Engineer’s Angle: Keep water makers primed for duty

Dec 13, 2018 by JD Anson

Engineer’s Angle: by JD Anson

“Water, water everywhere, nor any drop to rinse the salt off the hull,” to paraphrase Coleridge’s “Rime of the Ancient Mariner” in a way more appropriate to yachting today.

If anything can irk the boss as much as bad A/C, it’s having to ration the fresh water. We are all used to just turning on the tap for near limitless clean water. But when off the dock for more than a day, the water supply can become tight.

A typical 40m yacht can use an average of 100 gallons an hour, every hour of every day. This water does not just appear from nowhere. A simple process using basic equipment keeps the spa full and the laundry stews happy. But because this is machinery, it requires attention and proper maintenance.

This maintenance is not difficult, but must be performed correctly to have a good effect. The system is mostly mechanical, with some sensors to monitor water quality. Any engineer worth his salt should be able to keep a water maker in good condition.

A low-pressure pump pulls seawater through a strainer and feeds it to the machine, usually through a canister filter similar to that used for swimming pools. This first-stage cleaning will remove most of the dirt and sediment. Periodic back flushing will keep this filter in good order.

The water then passes through a third filter stage, which removes particulates down to 30 microns. These are usually bulky, costly cartridge filters. Replacing them with sock-type filters allows cost savings and the ability to store dozens of spares in the space of a couple of cartridge filters.

Only then is the water clean enough to use in the machine. This water is then pressurized to about 800 psi and passed through the membranes. Briny water is discharged overboard and the fresh water is sent further down the line. The high-pressure pumps are multi-stage piston pumps with oil-filled crankcases. This oil should be monitored for water contamination indicating a failed internal seal, and regular oil changes are mandatory.

Gauges are installed at every point where there is a change in pressure or flow. Monitoring these readings will indicate when it is time to perform maintenance.  Low flow at the feed pump will indicate a clogged strainer. A high pressure differential between the input and output of filters will show it is time to change them. A high-pressure gauge reading lower than normal can be due to rough weather causing air to be sucked into the thru-hull or, if suddenly low and coinciding with a high product output, a blown o-ring on the membrane piping.

It is important to know that in cold water, production will be greatly affected. Seawater at 40 degrees F will result in about half the fresh water production of seawater at 85 degrees F. High pressure should not exceed manufacturers’ recommendations, and low production at cold temperatures should be expected.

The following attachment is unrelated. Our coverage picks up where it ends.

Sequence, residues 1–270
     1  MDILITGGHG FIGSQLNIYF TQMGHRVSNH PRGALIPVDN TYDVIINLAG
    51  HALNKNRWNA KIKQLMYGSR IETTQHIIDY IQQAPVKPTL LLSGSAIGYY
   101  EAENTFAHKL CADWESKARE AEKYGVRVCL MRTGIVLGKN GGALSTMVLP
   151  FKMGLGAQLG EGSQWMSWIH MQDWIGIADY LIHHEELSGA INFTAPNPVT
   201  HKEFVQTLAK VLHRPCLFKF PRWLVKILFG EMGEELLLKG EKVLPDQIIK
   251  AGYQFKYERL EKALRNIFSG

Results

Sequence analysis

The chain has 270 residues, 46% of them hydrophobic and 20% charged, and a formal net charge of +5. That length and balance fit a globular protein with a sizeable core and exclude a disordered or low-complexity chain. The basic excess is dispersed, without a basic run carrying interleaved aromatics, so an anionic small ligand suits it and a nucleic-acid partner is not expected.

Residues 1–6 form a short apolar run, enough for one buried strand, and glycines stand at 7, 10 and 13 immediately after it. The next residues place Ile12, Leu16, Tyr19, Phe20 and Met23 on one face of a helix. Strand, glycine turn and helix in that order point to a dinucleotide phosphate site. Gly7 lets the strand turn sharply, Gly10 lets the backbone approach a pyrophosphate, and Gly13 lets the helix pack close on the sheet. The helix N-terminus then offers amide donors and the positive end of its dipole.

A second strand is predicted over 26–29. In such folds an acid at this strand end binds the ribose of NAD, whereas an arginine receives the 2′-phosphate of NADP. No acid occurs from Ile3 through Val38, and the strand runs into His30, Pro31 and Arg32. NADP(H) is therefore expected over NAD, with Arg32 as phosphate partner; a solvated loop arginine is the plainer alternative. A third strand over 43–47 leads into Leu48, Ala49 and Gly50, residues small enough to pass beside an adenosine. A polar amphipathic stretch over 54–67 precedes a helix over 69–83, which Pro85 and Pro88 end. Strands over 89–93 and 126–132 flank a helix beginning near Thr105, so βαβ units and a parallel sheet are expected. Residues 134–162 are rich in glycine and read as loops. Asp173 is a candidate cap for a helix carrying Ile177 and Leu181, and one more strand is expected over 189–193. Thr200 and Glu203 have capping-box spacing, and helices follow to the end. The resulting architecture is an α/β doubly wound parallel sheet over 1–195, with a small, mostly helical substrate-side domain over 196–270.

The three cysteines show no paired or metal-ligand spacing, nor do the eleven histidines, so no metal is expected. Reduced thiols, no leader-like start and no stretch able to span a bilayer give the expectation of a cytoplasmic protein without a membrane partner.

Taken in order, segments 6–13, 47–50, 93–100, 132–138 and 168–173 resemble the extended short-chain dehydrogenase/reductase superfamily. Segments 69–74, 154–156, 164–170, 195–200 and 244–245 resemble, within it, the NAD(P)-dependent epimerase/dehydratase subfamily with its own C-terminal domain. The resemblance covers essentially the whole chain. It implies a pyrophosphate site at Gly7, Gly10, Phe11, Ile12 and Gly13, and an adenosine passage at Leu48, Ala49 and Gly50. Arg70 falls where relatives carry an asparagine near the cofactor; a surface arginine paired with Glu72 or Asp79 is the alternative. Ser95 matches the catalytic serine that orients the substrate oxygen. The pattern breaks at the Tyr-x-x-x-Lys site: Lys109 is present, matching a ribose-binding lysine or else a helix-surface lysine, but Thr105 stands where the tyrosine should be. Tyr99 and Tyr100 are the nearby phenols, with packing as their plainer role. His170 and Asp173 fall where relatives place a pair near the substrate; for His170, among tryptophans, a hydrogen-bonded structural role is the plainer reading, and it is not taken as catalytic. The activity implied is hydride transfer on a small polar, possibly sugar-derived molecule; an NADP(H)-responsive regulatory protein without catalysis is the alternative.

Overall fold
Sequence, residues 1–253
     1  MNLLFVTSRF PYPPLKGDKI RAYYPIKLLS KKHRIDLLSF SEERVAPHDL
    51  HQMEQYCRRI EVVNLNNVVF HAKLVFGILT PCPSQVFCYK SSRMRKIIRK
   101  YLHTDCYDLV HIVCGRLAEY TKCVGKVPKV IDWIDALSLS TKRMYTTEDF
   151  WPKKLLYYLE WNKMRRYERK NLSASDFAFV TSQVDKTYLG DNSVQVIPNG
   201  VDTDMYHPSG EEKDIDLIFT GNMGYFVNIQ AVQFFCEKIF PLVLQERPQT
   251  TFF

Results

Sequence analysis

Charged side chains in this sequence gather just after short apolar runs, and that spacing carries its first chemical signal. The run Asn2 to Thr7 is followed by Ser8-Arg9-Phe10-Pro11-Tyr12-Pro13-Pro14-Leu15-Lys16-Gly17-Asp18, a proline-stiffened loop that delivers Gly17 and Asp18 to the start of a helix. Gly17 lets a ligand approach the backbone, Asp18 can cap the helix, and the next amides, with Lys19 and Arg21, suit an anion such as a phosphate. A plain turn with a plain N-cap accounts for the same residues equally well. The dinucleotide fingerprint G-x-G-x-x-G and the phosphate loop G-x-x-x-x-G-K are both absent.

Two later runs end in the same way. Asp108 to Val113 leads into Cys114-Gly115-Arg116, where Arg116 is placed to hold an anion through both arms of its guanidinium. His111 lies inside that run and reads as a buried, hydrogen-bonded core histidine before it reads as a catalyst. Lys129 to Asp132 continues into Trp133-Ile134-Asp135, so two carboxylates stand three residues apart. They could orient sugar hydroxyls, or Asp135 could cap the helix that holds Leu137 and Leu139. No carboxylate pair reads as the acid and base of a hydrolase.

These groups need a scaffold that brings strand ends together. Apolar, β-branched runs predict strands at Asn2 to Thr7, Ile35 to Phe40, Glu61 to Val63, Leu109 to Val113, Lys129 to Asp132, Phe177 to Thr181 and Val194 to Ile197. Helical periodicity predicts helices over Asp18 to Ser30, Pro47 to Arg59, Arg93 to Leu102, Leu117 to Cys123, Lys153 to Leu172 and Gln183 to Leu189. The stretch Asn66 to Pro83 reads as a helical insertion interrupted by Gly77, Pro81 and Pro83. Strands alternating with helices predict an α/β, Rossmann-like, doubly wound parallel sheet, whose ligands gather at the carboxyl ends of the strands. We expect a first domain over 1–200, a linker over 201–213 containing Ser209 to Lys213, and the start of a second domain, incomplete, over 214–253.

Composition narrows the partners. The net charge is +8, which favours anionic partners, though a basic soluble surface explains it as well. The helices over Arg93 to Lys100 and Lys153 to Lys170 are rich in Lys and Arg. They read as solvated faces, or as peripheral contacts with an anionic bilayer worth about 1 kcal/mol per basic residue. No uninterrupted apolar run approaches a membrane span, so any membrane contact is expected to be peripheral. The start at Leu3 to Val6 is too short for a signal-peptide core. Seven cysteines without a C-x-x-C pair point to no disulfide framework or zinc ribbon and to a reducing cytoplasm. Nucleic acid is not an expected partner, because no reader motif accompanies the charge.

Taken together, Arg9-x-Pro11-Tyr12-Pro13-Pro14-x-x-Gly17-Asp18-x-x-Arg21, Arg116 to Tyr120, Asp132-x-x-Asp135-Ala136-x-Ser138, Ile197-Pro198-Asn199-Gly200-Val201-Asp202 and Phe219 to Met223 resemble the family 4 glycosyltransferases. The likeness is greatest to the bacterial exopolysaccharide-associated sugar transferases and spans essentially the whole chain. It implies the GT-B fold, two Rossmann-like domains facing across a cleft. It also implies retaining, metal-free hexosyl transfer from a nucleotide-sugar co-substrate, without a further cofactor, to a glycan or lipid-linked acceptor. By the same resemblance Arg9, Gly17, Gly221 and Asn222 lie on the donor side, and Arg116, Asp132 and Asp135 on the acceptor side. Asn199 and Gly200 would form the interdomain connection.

Water makers also can be used in fresh water to produce clean product. But because the salinity is lower, high pressure will be much lower, and the product rate should be used to determine the pressure. Attempting to exceed designed rate will cause the aforementioned blown seal. This can also occur where there are changes in salinity, such as river discharges into the sea. Moving from salt to fresh without lowering pressure will cause a failure. Moving from fresh to salt without raising pressure will result in cessation of production. When traveling through a salinity or temperature change, best practice is to turn off the water makers until the change has occurred, then bring them back online.

Most water makers incorporate a fresh water rinse system that will flush the plumbing circuit after each use. This will help prevent fouling of the membranes and other components. Chlorine is detrimental to membrane material, so a carbon filter must be installed in the freshwater feed line to remove the chlorine present in dock water. This cartridge should be changed regularly.

Using the fresh water rinse will reduce the need for much of the chemical cleaning, which is a pain to do. The chemicals used to clean membranes are harsh and cause some damage each time they are used. For this reason, chemical cleaning should be performed only when necessary: when production has fallen below specifications or before placing the system in long-term storage.

Water makers use a process called reverse osmosis to produce high quality fresh water from seawater. Basically, using high pressure, fresh water molecules are squeezed through tiny holes where the salts cannot fit and are washed away. This product water is actually purer than it needs to be.

Just as drinking distilled water is bad for one’s body, putting this pure water into a steel – or especially, aluminum – tank can be bad for the boat. This pure water will try to balance itself by leaching metals out of the tanks, including the hull plating. Even though tanks are coated, a microscopic break in that coating can be where the attack can occur.

For this reason, it is imperative that it first pass through a rehardener to allow it to raise its dissolved solids to a point where it is happy. This is usually a small chamber filled with calcium that the product water passes through before going to the storage tanks. A bonus of this process is getting rid of that constant soapy feeling when showering.

Before the water is sent to the tanks, it should pass through a UV sterilizer to kill any microorganisms that may be present. The UV bulb and quartz tube should be replaced about every 4,000 hours of use.

JD Anson has over 20 years of experience as a chief engineer on megayachts. He is currently project manager at Fine Line Marine Electric ( in Fort Lauderdale. Comments are welcomebelow.